Now here's another dilemma; shall I make the dormer and porch roofs metal as well, or just continue with the diamonds on them, too? I am not the best roofer in the world, so that teeny scared part of me is a little intimidated about the dormers. I want to do what's best for the shop, though, so I'll get over the fear if that's what I need to do. What do you think?

One last note before I go try to find my last Imitrex (for migraine)...

I have started a page for the 2016 Creatin' Contest build. Nothing too interesting yet, but I do have a theme picked out and plan to get started soon. Once the roofing is completed on the soap shop, but before I begin on the interior. If I start on the layout of the contest kit, I can get a better idea of a timeline and if I need to start freaking out yet or not. You can check it out here...


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While work continues on the roofing and the exterior trim of the Shabby Chic Soap Shop I received my new Du Bro tubing bender. I had to try it out, so this lead me down another rabbit hole...

If you'll recall from my Easy Teacup Chandelier post, I had an epic failure at my attempt to bend 1/8" copper tubing with the K&S Tubing Bender kit. It has been pointed out to me by kindred souls over at the Greenleaf forums that it was probably just user error, because they have no problem using them. I was using copper tubing, and they were using brass, so that was probably what accounted for the diverse results.

The Du-bro bender included four 3" pieces of 1/8" brass tubing. It bent like a dream! No crimping, no breaking. Here you can see all four pieces perfectly bent into beautiful J's!


Okay, so it works perfectly on brass but how about copper?



Not so much. It actually crimps and breaks the metal. Now I am sure that if I insert a piece of solid wire into the tubing and heat it up a bit before bending (as was suggested to me on the forum) I may have better results. Another challenge for another time perhaps... For now, we'll stick to the very accommodating brass rod.

But on to my progress on the chandelier...

I needed a central brace - something a little decorative. Hoarders everywhere will rejoice when I show you some really old stock I had saved for "just in case"... Veranda Posts!



I got out the trusty old bead container and started to create something of a shabby chandelier using these and other "parts".


These two bead caps glued together will serve as the base of the center wooden dowel.


I am using a combination of E6000 and The Ultimate Glue to see what sticks, pun intended (snicker)...

These will be the parts that support the saucer and attach them to the brass J's. The toothpicks are simply an attempt to keep things lined up and uncrooked:


Here is the dowel being glued into the bottom bead caps. I was very generous with the Ultimate glue here. It will dry clear, and the whole assembly will be painted white, so a little messy was okay.


The J's will have to be attached to the top of the chandelier somehow. A large bead cap seemed like just the thing - only, I needed to make the holes larger so that the 1/8" rod would fit into them. I just used the Dremel with the drill attachment to open them up a bit. You can see how one of the four has been enlarged.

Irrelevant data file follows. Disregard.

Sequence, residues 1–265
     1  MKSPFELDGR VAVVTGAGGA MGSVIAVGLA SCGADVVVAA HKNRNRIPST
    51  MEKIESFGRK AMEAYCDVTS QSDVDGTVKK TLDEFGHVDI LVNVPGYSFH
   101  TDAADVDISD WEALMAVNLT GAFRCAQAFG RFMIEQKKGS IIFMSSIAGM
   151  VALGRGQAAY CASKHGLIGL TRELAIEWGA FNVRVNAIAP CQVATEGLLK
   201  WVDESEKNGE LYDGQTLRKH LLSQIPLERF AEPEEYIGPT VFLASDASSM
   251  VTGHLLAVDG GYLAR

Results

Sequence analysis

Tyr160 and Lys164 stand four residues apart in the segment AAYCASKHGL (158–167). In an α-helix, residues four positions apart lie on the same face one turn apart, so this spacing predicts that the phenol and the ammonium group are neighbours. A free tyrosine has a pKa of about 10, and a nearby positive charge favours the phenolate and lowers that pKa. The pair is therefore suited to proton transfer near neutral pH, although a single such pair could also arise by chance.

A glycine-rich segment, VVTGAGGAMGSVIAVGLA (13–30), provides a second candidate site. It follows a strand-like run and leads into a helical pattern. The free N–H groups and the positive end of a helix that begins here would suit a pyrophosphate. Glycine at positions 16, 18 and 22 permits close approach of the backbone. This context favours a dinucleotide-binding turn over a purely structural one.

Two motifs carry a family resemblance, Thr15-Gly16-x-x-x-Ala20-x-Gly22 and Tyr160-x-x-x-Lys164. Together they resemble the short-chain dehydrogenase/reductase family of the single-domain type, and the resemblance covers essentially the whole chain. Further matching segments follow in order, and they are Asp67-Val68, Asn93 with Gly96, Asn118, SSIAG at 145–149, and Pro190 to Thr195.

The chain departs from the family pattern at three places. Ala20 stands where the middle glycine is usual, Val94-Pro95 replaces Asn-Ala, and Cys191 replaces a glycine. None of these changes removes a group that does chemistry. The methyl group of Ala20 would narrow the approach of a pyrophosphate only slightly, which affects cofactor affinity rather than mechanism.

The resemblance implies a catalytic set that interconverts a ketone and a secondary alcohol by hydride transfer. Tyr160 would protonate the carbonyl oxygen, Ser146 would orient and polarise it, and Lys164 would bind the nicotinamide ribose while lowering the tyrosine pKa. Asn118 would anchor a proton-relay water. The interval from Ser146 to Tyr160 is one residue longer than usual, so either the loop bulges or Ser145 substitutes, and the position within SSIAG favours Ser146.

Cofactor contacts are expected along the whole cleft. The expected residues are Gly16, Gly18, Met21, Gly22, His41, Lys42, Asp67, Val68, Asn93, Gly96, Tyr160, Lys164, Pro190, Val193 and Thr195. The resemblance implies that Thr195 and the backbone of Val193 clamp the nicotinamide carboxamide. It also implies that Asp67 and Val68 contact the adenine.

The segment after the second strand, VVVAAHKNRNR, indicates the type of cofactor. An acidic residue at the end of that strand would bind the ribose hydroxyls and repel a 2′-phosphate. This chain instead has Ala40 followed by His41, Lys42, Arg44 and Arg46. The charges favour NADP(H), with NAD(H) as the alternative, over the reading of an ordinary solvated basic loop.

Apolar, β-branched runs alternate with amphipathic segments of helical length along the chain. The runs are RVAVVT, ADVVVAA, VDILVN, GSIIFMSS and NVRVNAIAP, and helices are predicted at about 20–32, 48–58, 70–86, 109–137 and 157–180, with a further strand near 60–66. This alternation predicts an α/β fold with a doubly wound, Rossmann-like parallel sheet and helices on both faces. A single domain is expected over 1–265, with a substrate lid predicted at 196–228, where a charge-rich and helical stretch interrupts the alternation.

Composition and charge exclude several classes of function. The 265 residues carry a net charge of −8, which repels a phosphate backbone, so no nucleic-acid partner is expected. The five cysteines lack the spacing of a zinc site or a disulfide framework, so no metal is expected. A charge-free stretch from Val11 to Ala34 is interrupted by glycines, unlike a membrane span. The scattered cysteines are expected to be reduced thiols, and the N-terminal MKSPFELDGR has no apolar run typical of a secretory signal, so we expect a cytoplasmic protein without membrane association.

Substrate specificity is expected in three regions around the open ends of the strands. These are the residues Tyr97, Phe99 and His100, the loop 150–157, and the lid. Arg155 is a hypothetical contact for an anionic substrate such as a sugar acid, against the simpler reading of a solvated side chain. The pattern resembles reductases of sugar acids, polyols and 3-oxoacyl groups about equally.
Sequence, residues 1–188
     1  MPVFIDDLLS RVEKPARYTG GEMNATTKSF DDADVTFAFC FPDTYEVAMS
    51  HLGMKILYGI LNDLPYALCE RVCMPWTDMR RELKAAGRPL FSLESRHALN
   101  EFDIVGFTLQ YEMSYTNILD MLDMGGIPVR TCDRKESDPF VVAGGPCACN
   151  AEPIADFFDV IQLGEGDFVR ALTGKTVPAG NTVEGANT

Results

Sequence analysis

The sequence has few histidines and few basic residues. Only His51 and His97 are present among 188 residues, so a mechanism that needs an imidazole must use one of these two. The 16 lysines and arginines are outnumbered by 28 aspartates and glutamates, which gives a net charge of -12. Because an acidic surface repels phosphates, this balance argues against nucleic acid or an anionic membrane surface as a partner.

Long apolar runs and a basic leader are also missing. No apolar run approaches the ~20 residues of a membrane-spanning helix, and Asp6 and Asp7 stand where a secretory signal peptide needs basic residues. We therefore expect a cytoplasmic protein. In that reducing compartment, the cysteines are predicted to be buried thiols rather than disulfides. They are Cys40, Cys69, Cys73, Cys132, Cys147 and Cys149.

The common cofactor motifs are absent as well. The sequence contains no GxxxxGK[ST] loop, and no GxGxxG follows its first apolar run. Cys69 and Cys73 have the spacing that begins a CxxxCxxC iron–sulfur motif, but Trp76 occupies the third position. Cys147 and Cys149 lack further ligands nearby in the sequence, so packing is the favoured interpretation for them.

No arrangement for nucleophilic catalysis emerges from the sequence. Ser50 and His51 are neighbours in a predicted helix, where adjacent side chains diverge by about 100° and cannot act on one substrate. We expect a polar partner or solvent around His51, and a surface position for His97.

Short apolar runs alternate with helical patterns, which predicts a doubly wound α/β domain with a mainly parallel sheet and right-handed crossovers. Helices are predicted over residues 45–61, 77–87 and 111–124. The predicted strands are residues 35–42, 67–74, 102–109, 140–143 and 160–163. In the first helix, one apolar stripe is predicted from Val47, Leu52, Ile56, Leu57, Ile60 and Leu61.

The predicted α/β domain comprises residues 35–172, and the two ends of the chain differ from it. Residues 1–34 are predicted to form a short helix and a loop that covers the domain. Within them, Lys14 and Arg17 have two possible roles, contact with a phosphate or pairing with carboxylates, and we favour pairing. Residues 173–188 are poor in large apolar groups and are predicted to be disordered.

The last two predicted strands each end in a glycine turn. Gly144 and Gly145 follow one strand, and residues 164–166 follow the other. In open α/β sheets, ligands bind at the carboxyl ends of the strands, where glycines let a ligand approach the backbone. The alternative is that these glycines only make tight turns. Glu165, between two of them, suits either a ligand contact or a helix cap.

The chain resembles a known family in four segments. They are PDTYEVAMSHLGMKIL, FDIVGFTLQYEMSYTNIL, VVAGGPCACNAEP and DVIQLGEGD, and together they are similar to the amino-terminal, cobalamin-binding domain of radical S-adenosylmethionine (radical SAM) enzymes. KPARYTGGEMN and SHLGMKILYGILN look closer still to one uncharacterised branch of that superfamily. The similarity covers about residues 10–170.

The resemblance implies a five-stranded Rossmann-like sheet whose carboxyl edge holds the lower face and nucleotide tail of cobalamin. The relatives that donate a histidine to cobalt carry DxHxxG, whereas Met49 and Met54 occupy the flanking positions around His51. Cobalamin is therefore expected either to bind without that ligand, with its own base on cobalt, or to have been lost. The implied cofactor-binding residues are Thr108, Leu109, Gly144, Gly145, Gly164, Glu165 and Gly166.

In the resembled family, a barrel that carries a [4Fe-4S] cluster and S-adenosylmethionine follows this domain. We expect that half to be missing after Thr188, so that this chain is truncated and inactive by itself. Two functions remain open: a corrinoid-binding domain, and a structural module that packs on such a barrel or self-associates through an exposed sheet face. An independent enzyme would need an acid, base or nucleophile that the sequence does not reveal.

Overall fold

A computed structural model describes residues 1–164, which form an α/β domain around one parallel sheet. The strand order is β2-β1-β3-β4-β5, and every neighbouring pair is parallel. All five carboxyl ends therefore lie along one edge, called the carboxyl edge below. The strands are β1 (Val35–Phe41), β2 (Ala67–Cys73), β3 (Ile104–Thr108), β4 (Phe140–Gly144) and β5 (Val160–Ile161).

Next, I needed to assemble the candle bulb, cup, saucer and support bead caps to the J's. This meant fishing the candle wires through each component. I found that a little persistence, going slowly, being willing to back the wire out a bit then push forward with gentle pressure helped to coax the wires to manage the curve and pop out blissfully from the end.



Closer up...


Now to add the top to the dowel with the base. I decided maybe screwing it in might be better than just glue. Drilled the pilot hole, widened the hole in the bead cap, then screwed it down... The screw sticking out the top will serve as a spacer - you'll see what I mean in a later step...



Okay - time to add the arms - in this model there will only be four. The photo below gives you a rough idea, though a messy one, of what I'm trying to accomplish...


Getting there is a fiddly and messy business. Hopefully, once completed and painted shabby white, it will add to the flavor of the look for the shop that I am trying to achieve. If not, I have plenty more brass, plenty of beads, plenty of veranda posts and plenty of will to try, try again... The teacup chandelier experiments will continue...

Meanwhile, check out what materials and details I've revealed to use in the HBS Creatin' Contest 2016 page. Kit bash and layout are coming in early June if all goes well!

*** UPDATE ***

Here is the chandelier after I glued it:


Sloppy, huh?

Here it is after I painted it:


Sloppy, huh?

Um... Yeah... It still needs work so I decided to just start all over again... See my little brass rods all cut to the perfect length and everything? Then I tried to bend them...



Then I learned something new - after the new brass tube (that the hubs so nicely picked up for me from the hobby store) bent and broke just like the copper tube! Apparently, you need to do something called ANNEALED to the metal.

Yep - I read all about it. Apparently, if you are trying to harden the brass, say if you are making bullets, you heat the brass with a torch until it is cherry red and immediately knock it into water to cool it quickly. If you want it soft, you heat it to cherry red with a torch and then let it cool slowly, like let it air cool. Then it is supposed to submit to being bent into a nice looking "J" with no crimps and no breaking. So, to sum up this post, this is an ongoing experiment, and I will post again about my annealing experience and let you know if I actually made a purdy chandelier...

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Before I share the exciting news, I feel that I owe respect to honesty and therefore, need to first make a confession. You see, I seem to be suffering from (que dramatic music)... Project completion impotency! To prove my point, I will list off for you the projects that are started, some pretty far along, and yet not fully satisfied. Ahem...